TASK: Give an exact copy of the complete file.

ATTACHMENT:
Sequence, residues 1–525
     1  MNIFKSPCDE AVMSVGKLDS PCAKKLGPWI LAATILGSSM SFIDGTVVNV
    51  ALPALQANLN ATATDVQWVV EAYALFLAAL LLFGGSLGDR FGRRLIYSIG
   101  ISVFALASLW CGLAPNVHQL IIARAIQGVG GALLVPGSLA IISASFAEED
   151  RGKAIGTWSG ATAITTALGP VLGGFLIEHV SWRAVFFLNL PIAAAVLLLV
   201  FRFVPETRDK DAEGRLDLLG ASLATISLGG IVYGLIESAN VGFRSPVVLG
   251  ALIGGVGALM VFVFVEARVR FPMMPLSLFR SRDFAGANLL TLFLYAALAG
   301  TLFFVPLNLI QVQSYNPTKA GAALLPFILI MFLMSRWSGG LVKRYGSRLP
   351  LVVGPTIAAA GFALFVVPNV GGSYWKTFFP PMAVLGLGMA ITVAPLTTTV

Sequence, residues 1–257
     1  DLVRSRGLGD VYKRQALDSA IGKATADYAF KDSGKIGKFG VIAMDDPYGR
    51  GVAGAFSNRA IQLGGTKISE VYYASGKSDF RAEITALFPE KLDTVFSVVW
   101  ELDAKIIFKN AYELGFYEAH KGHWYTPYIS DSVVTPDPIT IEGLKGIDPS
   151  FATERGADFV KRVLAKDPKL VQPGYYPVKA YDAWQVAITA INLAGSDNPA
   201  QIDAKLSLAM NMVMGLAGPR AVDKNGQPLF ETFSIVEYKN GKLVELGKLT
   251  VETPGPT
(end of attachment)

Sequence, residues 1–525
     1  MNIFKSPCDE AVMSVGKLDS PCAKKLGPWI LAATILGSSM SFIDGTVVNV
    51  ALPALQANLN ATATDVQWVV EAYALFLAAL LLFGGSLGDR FGRRLIYSIG
   101  ISVFALASLW CGLAPNVHQL IIARAIQGVG GALLVPGSLA IISASFAEED
   151  RGKAIGTWSG ATAITTALGP VLGGFLIEHV SWRAVFFLNL PIAAAVLLLV
   201  FRFVPETRDK DAEGRLDLLG ASLATISLGG IVYGLIESAN VGFRSPVVLG
   251  ALIGGVGALM VFVFVEARVR FPMMPLSLFR SRDFAGANLL TLFLYAALAG
   301  TLFFVPLNLI QVQSYNPTKA GAALLPFILI MFLMSRWSGG LVKRYGSRLP
   351  LVVGPTIAAA GFALFVVPNV GGSYWKTFFP PMAVLGLGMA ITVAPLTTTV

Sequence, residues 1–257
     1  DLVRSRGLGD VYKRQALDSA IGKATADYAF KDSGKIGKFG VIAMDDPYGR
    51  GVAGAFSNRA IQLGGTKISE VYYASGKSDF RAEITALFPE KLDTVFSVVW
   101  ELDAKIIFKN AYELGFYEAH KGHWYTPYIS DSVVTPDPIT IEGLKGIDPS
   151  FATERGADFV KRVLAKDPKL VQPGYYPVKA YDAWQVAITA INLAGSDNPA
   201  QIDAKLSLAM NMVMGLAGPR AVDKNGQPLF ETFSIVEYKN GKLVELGKLT
   251  VETPGPT